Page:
The Mirena lawsuit filed by a Maryland woman in US District Court in New Jersey, alleges the birth control device caused her to develop idiopathic intracranial hypertension. This condition causes a dangerous buildup of fluid around the brain, which creates an abnormally high pressure inside the skull. Symptoms are vision problems, intolerance to light and severe headaches. Daphne Houck claims she experienced these symptoms shortly after the Mirena was implanted. She followed up with an MRI and CT scan that diagnosed pseudotumor cerebri and underwent a lumber puncture to remove excess cerebrospinal fluid from the skull.
Intracranial hypertension is an uncommon condition that can be caused by a severe head injury, stroke or brain abscess, and blood vessel abnormalities. In Houck’s case, Mirena allegedly caused idiopathic intracranial hypertension, or IIH, because idiopathic means the cause is unknown. IIH can also be caused by hormone problems.
Most Mirena lawsuits claim the device migrated after it was implanted and caused a host of complications, including ectopic pregnancy and miscarriage. And this month, a wrongful death lawsuit.
A Houston woman claims her son was stillborn in 2013 due to the Mirena. Abigail Lane claims that she was never told of complications when the IUD was implanted in 2009. There were no risks included in the Mirena label, which she was given by her doctor. Her lawsuit, like thousands of other Mirena lawsuits, claims that she would never have consented to having the IUD implanted if she was informed of the possible complications.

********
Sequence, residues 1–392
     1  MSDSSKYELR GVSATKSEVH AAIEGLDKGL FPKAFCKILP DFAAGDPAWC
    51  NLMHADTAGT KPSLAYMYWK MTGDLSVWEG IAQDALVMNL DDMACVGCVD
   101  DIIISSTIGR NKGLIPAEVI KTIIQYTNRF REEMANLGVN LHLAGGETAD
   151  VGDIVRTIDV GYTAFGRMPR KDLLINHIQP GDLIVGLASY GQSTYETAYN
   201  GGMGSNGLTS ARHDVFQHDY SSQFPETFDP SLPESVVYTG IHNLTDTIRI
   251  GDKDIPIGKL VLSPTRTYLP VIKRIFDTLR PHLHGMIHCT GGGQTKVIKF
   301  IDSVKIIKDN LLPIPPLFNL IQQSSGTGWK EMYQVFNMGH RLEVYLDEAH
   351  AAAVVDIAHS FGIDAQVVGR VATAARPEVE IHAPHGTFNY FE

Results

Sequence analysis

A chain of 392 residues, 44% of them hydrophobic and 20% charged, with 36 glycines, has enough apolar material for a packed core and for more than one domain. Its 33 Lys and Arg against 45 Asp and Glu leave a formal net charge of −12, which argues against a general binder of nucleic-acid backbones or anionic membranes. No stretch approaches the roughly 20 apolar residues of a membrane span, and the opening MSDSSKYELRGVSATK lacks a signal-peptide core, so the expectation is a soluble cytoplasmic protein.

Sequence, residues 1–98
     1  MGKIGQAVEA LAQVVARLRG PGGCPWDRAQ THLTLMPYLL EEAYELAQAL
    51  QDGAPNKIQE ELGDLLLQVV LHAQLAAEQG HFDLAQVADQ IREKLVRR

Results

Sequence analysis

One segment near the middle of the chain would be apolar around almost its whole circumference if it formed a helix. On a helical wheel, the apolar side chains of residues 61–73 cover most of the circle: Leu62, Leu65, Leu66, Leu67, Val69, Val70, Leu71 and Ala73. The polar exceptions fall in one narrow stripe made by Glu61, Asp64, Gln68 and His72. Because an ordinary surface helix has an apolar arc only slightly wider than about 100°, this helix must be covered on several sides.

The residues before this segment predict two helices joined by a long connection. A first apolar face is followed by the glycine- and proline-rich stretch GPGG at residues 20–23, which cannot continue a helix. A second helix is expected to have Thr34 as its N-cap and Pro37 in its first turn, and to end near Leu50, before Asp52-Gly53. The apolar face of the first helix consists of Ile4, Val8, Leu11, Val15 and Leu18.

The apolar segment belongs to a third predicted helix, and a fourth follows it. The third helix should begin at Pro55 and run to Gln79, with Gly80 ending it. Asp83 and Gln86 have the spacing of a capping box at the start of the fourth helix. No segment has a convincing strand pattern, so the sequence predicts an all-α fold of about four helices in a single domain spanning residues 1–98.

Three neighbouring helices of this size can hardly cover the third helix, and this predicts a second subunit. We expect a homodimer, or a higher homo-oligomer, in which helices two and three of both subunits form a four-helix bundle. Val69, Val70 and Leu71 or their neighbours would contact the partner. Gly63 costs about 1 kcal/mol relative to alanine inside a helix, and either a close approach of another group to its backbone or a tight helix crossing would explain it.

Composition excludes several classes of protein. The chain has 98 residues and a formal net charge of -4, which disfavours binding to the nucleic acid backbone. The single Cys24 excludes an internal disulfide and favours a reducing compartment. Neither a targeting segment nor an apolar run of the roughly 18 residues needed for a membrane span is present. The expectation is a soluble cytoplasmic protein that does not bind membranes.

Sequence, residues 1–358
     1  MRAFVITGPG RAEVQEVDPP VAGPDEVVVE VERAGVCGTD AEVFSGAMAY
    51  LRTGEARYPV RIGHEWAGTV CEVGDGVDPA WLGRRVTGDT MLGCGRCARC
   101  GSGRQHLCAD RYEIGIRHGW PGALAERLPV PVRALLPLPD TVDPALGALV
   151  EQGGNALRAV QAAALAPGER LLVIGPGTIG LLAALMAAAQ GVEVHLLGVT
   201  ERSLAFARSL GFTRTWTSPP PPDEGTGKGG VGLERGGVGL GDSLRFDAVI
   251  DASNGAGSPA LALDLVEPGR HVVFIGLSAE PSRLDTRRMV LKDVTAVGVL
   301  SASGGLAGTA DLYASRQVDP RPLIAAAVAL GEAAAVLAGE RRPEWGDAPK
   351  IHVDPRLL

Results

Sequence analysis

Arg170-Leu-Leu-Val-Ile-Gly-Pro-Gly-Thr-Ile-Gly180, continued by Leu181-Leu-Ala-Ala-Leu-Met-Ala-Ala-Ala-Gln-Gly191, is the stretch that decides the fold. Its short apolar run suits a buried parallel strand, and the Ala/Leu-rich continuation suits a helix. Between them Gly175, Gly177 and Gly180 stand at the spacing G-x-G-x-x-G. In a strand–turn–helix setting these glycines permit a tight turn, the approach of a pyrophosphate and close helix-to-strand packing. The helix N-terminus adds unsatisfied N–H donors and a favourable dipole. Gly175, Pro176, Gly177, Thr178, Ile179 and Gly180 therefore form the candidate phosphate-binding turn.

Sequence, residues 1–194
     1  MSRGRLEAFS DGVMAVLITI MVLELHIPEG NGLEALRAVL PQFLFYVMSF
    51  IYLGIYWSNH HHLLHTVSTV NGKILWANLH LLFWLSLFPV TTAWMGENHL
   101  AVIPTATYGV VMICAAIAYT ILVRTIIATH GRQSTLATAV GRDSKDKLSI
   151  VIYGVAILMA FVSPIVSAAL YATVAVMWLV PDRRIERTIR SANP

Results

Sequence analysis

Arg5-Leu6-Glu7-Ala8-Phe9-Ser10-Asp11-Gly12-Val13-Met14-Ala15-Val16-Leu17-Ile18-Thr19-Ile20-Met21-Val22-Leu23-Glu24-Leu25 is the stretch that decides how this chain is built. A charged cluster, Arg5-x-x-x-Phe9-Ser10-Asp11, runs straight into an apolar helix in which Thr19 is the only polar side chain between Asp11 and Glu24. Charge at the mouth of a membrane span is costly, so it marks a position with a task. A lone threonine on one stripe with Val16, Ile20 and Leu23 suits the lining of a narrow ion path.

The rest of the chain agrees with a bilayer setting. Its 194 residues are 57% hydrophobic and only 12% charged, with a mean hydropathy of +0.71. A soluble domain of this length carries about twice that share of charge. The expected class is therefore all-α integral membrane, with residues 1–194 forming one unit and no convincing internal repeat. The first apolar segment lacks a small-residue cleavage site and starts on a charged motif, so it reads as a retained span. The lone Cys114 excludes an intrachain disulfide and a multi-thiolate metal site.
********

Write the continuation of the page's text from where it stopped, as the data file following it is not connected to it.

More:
Lane’s lawsuit argues that the device is defective: Mirena’s “T”-shaped arms embedded in the uterine wall, causing “unreasonable dangerous risk to the fetus when Mirena fails to prevent pregnancy.” In Lane’s case, she suffered a uterine infection that led to her son’s death.
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“We greatly sympathize with any woman who experiences injury or loss regardless of the cause. Pregnancy loss, unfortunately, occurs in 15-20 percent of pregnancies overall, according to national statistics. Bayer believes that it has strong defenses to this case and is confident that the FDA-approved information and warnings in the Mirena label are accurate and science based.”
Plaintiffs’ attorneys argue that Bayer has failed to include warnings deliberately - so the drug giant can sell more Mirena IUDs. Bayer has already sold 15 million of the devices worldwide. One attorney representing Lane is also a gynecologist-obstetrician. Francois M. Blaudeau said the Mirena IUD is the only form of birth control that can “kill or injure a baby.”